West Bank – Jusur
The West Bank is one of the two Palestinian territories, where there is often still a taboo on disabilities and where it is still self-evident that children with a visual impairment end up in special education. This often makes it difficult to conquer a valued place in the community as an adult. What makes this challenge even more difficult is that special education is still primarily in the hands of private individuals, who make money from it.
Jusur is Arabic for ‘bridge’. The goal on the West Bank is full inclusion of children with a visual impairment in society. The programme’s goal is to build a bridge between all of those involved: children, parents, BASR, the rehabilitation centre that coordinates this programme in the West Bank, the ministries of education and health care, Al Shuruq school and the low vision centre of AN Najah University.
What have we been doing the first three years?
BASR had the contacts, Visio the knowledge. We combined the two, which, among others, led to the following actions:
- Teachers and rehabilitation staff are trained in how they can support children with visual impairments. They have also learned how to train colleagues (train the trainer).
- Protocols have been established for teachers: how do they recognise visual impairments and to whom do they refer children?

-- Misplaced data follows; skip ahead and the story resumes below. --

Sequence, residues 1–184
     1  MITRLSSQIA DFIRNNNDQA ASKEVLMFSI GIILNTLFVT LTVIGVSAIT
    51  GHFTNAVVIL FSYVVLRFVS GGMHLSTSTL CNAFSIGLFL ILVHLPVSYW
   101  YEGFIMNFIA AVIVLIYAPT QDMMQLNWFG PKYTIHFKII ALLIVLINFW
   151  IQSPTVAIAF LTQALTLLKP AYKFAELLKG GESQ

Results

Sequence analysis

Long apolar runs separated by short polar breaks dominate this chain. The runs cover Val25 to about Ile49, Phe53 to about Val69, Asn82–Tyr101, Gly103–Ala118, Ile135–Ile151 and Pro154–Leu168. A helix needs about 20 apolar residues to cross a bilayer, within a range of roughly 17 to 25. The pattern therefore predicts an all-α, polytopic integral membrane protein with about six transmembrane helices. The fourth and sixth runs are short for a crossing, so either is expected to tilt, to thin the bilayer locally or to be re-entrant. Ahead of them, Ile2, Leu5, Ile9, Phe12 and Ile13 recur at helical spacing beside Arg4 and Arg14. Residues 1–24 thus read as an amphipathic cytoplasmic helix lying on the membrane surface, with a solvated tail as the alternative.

- Parents were brought together to talk about the subject with each other and to give them advice on how to deal with their children's disability at home.
- Methods have been established to monitor children with visual impairment in their development.
- Numbers have been investigated. This revealed, for example, that there is a large group of children with multiple disabilities. There are no facilities for those children yet.
- Following on the previous point: the Al Shuruq school is the first private school to make the transition from a special school for children with a visual impairment to a so-called ‘resource school’, where children with multiple disabilities can go too.
- There are many meetings for professionals from the field and responsible authorities from ministries and local authorities. The purpose of these meetings is to promote cooperation; to eventually set up a sustainable system to support people with visual impairments.
What is the challenge in future years on the West Bank?
The foundation for the bridge has been laid: the mindset is changing. That foundation is still fragile though, but already strong enough to start building the bridge. In other words: ensuring that children with a visual impairment join in. So not only children from 6 to 12 years, who we mainly focused on during the first three years, but children and young people from 0 to 18 years. With the ultimate goal: ensuring that people with and without disabilities meet each other across the bridge ...